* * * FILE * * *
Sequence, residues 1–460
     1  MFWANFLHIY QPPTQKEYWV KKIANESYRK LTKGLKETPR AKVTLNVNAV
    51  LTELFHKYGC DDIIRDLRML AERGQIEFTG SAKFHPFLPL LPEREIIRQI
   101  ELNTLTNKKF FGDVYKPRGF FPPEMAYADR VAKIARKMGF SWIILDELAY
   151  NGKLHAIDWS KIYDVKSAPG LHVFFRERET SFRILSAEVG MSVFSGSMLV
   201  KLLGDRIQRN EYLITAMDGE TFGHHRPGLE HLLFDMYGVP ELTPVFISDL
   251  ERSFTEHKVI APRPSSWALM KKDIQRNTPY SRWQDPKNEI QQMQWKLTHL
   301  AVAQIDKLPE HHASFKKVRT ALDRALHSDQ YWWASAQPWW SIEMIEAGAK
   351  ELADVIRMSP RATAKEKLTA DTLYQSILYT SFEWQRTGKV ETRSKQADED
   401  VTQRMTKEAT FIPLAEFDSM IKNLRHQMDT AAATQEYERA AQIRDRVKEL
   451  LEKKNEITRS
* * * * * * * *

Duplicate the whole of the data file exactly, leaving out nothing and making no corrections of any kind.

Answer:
Sequence, residues 1–460
     1  MFWANFLHIY QPPTQKEYWV KKIANESYRK LTKGLKETPR AKVTLNVNAV
    51  LTELFHKYGC DDIIRDLRML AERGQIEFTG SAKFHPFLPL LPEREIIRQI
   101  ELNTLTNKKF FGDVYKPRGF FPPEMAYADR VAKIARKMGF SWIILDELAY
   151  NGKLHAIDWS KIYDVKSAPG LHVFFRERET SFRILSAEVG MSVFSGSMLV
   201  KLLGDRIQRN EYLITAMDGE TFGHHRPGLE HLLFDMYGVP ELTPVFISDL
   251  ERSFTEHKVI APRPSSWALM KKDIQRNTPY SRWQDPKNEI QQMQWKLTHL
   301  AVAQIDKLPE HHASFKKVRT ALDRALHSDQ YWWASAQPWW SIEMIEAGAK
   351  ELADVIRMSP RATAKEKLTA DTLYQSILYT SFEWQRTGKV ETRSKQADED
   401  VTQRMTKEAT FIPLAEFDSM IKNLRHQMDT AAATQEYERA AQIRDRVKEL
   451  LEKKNEITRS